There seems to be a glut of well-known herbs brought to you by the letter G. Among them are garlic, gingko, goldenseal, and ginger (with the lone standout, echinacea, rounding out the top five). While I'm in practice and writing, I'll push for gentian to make it to the top five. (I don't think echinacea is going anywhere, so there won't be an herbal G-5 summit anytime soon.)
Gentian (with the taxonomic name Gentiana lutea) is one of the best herbs to support digestion. It enhances the body's natural actions, and doesn't work against them. In the act of digestion, the body normally secretes saliva in the mouth to begin digestion of carbohydrates (and to a lesser extent, proteins). Hydrochloric acid is then secreted in the stomach to further break down proteins. The body also secretes various digestive enzymes from the gall bladder (and by extension, the liver) and the pancreas to further assist in digestion of fats, carbohydrates, and proteins. And finally, the stomach and intestines engage in peristalsis, or rhythmic movement, to ensure that every last bit of food comes in contact with digestive juices and has the best opportunity to be assimilated into the body. Gentian increases the body's secretion of digestive juices, and to some extent, also increases peristalsis. Having said this, it does not increase the risk of diarrhea unless you overdose. There is also a theory that when taken after meals, gentian actually (harmlessly) decreases peristalsis.
Millions of people deal not only with the scourge of heartburn, acid reflux, and GERD (gastroesophageal reflux disease), but also with chronic consumption of acid blockers and proton-pump inhibitors and the many potential diseases that could also be caused by them. Regular use of gentian could go a long way in decreasing the incidence and severity of these conditions and even decrease the need for acid blockers.
Gentian has a cold nature, which often complements people who have a hot constitution - for example, those who are often angry, have a red complexion, or who generally have a "hot temper." How is this? Well, gentian is an exceedingly bitter herb (which probably explains why it isn't terribly popular). Imagine eating something bitter. Did you shiver a bit in revulsion? That's the cold energy of gentian, and indeed, of most bitter herbs. (In comparison, guess what energy herbs like cayenne, cinnamon, and garlic have!)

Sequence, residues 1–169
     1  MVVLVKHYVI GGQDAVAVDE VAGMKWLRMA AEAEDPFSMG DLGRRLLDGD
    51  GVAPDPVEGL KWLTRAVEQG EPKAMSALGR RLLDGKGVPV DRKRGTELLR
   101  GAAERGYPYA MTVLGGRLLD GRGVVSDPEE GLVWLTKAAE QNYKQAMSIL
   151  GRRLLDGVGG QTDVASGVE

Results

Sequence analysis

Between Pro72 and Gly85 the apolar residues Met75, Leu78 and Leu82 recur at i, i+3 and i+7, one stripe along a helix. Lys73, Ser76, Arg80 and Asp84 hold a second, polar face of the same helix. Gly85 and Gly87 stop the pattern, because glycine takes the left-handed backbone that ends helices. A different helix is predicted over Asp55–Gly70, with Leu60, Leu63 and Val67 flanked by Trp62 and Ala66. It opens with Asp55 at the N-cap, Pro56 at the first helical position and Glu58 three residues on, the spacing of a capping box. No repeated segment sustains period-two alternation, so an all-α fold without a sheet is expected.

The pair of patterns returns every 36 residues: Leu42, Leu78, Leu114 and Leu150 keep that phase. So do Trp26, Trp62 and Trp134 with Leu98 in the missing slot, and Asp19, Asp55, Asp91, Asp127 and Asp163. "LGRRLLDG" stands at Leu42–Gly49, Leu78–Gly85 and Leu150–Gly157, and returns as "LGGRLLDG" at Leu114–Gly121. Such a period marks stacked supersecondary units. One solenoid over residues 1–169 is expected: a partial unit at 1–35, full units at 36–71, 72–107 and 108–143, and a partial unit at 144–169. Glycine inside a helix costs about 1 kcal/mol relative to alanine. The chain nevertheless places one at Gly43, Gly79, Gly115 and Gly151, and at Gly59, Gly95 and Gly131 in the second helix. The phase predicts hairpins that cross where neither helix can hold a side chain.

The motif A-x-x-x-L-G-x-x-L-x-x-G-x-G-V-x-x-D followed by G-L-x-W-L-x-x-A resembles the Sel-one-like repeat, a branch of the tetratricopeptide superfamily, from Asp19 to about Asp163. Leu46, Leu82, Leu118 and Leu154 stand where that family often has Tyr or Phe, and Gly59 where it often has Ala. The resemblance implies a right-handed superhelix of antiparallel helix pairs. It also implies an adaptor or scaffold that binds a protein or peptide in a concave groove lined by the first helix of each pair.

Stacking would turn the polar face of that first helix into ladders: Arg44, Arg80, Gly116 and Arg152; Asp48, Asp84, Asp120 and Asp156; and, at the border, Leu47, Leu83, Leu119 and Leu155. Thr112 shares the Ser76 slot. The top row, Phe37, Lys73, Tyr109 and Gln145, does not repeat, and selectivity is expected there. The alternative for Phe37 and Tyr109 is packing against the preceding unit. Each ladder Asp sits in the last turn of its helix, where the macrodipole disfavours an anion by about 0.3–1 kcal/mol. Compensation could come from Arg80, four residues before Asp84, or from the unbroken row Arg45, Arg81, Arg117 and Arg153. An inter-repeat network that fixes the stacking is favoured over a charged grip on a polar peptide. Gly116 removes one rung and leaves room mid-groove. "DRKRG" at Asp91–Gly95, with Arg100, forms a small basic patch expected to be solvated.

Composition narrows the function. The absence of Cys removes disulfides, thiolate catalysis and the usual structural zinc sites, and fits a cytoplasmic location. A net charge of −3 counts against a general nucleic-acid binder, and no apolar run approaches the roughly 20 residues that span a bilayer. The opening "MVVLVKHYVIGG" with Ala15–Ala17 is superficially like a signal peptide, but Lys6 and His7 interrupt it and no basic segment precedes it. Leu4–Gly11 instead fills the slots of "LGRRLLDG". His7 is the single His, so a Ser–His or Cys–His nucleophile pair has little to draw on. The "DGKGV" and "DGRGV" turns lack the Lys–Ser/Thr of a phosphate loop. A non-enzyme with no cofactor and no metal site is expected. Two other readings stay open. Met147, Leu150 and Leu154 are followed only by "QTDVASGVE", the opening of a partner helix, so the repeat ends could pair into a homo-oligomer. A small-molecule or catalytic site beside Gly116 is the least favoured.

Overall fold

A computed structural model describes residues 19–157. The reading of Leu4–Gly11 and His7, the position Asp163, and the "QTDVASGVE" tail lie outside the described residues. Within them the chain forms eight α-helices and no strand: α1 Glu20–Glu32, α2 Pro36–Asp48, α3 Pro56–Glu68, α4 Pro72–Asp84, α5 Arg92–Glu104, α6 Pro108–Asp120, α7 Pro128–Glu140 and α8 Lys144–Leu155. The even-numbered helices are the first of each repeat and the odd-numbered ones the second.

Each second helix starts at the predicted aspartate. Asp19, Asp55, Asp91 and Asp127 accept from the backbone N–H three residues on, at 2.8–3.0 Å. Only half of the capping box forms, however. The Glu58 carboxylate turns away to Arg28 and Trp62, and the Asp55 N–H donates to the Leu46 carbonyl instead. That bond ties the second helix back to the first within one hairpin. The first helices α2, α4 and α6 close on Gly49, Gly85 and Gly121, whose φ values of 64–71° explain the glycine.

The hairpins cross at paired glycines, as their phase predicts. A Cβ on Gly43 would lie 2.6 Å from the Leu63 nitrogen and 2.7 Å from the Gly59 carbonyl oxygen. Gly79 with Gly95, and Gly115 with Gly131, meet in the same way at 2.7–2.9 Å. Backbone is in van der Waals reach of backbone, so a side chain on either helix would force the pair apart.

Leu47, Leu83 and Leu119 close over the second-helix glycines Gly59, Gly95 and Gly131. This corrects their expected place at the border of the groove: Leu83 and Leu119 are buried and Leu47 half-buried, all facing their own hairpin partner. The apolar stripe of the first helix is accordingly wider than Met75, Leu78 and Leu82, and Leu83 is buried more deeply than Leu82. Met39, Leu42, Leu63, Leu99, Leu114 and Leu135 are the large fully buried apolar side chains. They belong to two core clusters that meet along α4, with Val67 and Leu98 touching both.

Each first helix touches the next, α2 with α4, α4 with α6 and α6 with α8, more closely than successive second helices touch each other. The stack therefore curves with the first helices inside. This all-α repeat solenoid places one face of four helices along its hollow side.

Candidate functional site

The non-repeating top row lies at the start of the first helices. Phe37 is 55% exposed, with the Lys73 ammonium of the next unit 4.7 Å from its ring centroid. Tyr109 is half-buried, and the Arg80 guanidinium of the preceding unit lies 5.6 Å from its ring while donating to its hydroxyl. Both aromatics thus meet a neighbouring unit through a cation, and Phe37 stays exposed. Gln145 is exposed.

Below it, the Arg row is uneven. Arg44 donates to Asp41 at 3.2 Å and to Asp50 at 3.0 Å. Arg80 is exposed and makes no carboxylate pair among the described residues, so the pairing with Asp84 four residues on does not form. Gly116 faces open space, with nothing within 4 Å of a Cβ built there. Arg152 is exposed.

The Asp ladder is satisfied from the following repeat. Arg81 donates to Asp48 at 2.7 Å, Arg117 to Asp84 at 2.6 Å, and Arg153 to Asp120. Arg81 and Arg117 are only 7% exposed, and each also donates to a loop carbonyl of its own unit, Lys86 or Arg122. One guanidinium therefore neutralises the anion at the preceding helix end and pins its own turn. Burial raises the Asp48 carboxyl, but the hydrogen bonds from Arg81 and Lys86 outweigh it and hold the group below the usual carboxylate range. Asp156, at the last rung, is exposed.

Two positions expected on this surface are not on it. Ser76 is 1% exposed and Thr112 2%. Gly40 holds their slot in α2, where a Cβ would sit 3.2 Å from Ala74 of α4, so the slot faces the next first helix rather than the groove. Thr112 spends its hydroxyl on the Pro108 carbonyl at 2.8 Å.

Gentian's very bitter nature also makes it a great digestive herb. Again, imagine eating something bitter. What's your first response? To spit it out, right? That's the body trying to protect itself from something it construes as potentially poisonous. But if you end up swallowing this potentially harmful substance, the body wants to destroy it as much as possible. This is where secretion of the body's digestive juices and increased peristalsis comes into play. Gentian, of course, is not poisonous - at least, in doses of 5-30 drops of the tincture at a time. (As with everything, including water, the dose determines whether a substance is helpful or harmful.)
The best way to take gentian is different from how most other herbal preparations are taken. Usually, people pop capsules, drink tea, or squirt a dropperful or two of a tincture in the mouth, then wash it down with water. But with gentian, the most beneficial action is seen when you taste it. So the dose, again, is 5-30 drops of a tincture, in about 4-8 ounces of water. Sip the water slowly about 10 minutes before eating to stimulate digestion. You may also use the same dose after eating if you feel that typical "brick in your stomach" feeling that doesn't go away easily. It also can help in cases of mild nausea after a meal. Of course, if you just can't handle the taste of gentian, you can take capsules that do a reasonable job of stimulating digestion as well.
Disclaimer: Gentian is not always the best herb to reach for in severe cases of GERD. Sometimes, there is so much inflammation in the esophagus that stimulating more acid in the stomach could be harmful. Here, herbs and nutrition to soothe the esophagus and decrease inflammation may be necessary before using gentian. Food sensitivities may also play a part in GERD, so if you are dealing with GERD that doesn't seem to respond to different therapies, this may be an avenue to explore. Finally, although not necessarily harmful, the acid-producing properties of gentian temporarily counteract the antacid properties of acid blockers and proton-pump inhibitors, potentially making them less effective. In any case, GERD is a potentially serious issue that should be managed by a health care professional well-versed in supporting the body's natural healing processes.
Gentian (Gentiana lutea)
Part used: root
Dose: 5-30 drops in water, sipped 10 minutes before a meal
Indications: weak digestion, low appetite, heartburn, acid reflux, mild cases of GERD, mild nausea after meals, general debility.
Contraindications: advanced cases of GERD, Barrett's esophagus, esophageal or stomach cancer.
Combines well with: ginger root (to increase appetite); skullcap root (to enhance overall digestion and relaxation during meals).
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